Government 'withdraws' support for allowing straight civil partnerships - MP
The Government has "effectively" withdrawn its support for plans to allow straight couples to have civil partnerships following Justine Greening's departure from the Cabinet, the MP proposing the law change has said.
Tim Loughton said that after talks with Amber Rudd, who took over the equalities brief from Ms Greening, his proposals have been watered down to include a review of current laws but no commitment to extending civil partnerships to heterosexual couples.
Mr Loughton said it amounted to a U-turn after former education secretary Ms Greening gave his private member's Bill her private backing and public signals of support, and the Government failed to deny previous reports that it was behind the legislation.
He blamed the "excessive caution" of Home Office officials, who Ms Rudd presides over as Home Secretary, for "raising questions as to why you can't do it rather than finding ways of making this happen".
Civil partnerships were introduced in 2004 as an initial step on the road to legalising gay marriage.
But some straight couples who do not want a traditional marriage have argued there is now inequality in the law as they do not have the choice of a civil partnership.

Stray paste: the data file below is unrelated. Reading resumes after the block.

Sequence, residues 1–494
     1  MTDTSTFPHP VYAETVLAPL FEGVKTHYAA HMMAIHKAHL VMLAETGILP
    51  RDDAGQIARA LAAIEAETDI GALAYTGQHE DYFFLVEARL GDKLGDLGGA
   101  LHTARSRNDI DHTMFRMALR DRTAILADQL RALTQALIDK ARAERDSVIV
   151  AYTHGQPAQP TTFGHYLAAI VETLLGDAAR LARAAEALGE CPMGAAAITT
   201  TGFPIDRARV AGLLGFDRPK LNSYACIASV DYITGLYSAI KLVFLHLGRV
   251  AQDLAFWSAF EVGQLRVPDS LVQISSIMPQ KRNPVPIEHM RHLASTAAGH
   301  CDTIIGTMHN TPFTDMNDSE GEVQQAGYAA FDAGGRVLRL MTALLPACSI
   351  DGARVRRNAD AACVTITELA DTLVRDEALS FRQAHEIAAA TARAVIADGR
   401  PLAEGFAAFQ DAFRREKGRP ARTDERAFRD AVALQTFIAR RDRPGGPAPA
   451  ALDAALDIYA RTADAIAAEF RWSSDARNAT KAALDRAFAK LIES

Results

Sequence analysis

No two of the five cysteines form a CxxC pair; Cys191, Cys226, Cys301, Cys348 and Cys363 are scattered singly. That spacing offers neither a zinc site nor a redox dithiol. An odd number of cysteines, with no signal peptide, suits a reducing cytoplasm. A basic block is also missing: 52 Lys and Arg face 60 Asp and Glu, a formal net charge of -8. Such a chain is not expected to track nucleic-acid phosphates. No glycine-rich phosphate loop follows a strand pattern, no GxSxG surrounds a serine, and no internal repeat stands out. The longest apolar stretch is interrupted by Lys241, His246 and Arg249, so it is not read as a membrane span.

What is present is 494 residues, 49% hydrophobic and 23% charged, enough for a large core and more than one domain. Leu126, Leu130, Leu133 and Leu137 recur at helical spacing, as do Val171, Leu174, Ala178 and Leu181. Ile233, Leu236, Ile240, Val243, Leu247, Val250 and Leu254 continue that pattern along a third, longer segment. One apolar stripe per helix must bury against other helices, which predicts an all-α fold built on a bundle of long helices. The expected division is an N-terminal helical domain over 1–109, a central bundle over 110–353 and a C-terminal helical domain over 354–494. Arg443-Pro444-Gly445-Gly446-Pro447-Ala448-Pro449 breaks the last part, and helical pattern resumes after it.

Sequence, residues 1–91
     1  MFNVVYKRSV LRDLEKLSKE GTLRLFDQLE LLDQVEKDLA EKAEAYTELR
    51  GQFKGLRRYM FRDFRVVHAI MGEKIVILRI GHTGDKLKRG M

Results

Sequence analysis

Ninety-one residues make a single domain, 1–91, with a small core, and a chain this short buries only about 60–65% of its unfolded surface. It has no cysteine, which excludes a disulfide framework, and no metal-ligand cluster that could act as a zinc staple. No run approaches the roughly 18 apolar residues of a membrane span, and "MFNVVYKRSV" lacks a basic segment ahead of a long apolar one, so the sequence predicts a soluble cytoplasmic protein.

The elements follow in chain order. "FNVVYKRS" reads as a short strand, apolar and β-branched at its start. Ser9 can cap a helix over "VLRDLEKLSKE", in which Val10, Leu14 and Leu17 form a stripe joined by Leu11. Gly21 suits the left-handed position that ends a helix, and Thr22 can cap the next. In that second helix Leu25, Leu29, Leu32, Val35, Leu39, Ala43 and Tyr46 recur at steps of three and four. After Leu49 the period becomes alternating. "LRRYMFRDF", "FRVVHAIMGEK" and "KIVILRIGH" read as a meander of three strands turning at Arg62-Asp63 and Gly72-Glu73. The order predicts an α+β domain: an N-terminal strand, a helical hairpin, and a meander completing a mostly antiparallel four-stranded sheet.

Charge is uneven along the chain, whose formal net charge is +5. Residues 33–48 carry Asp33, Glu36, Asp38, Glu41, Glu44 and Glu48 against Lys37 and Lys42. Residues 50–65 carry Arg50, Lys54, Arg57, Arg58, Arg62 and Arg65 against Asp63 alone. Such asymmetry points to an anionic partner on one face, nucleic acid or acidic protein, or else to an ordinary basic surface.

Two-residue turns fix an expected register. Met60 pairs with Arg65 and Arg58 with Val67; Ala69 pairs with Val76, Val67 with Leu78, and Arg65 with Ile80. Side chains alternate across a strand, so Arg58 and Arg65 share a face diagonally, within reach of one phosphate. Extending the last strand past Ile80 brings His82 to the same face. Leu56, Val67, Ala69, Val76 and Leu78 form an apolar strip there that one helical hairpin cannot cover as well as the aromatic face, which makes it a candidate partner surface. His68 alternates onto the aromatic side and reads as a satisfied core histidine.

Mr Loughton's Civil Partnerships, Marriages and Deaths (Registration Etc.) Bill comes before MPs for second reading on Friday and the Government will back it now it has been watered down.
But ministers may be forced "kicking and screaming" into reinstating his plans to extend civil partnerships to mixed-sex couples later in the Bill's passage through Parliament - if the Supreme Court rules against the Government at a court case due to be heard in mid-May, he said.
Asked if the Government had gone back on a previous commitment of support, Mr Loughton told the Press Association: "Yes. That's the nub of the problem, I'm afraid.
"Justine went on record and it was covered extensively, and she made a speech, and having told me that yes, she supports the Bill, effectively I took that as the Government's support for it, and there was no rowing back when it went public in the press.
"So then when she went and it became a new responsibility for the Home Office, basically all bets were off.
"The cautious Home Office officials have been raising questions as to why you can't do it rather than finding ways of making this happen, and that's what's buggered the whole thing up."
The Supreme Court will hear the case of a heterosexual couple fighting for the right to enter a civil partnership in the middle of May, Mr Loughton said.
Rebecca Steinfeld and Charles Keidan want to secure legal recognition of their relationship through that route, but are prevented because the Civil Partnership Act 2004 says only same-sex couples are eligible.
The academics, who live in Hammersmith, west London lost a battle in the Court of Appeal on the issue.
But judges said they had established a potential violation of Article 14 of the European Convention, which relates to discrimination, taken with Article 8, which refers to respect for private and family life.
By a majority, the judges said the current position was justified by the Government's policy of "wait and evaluate".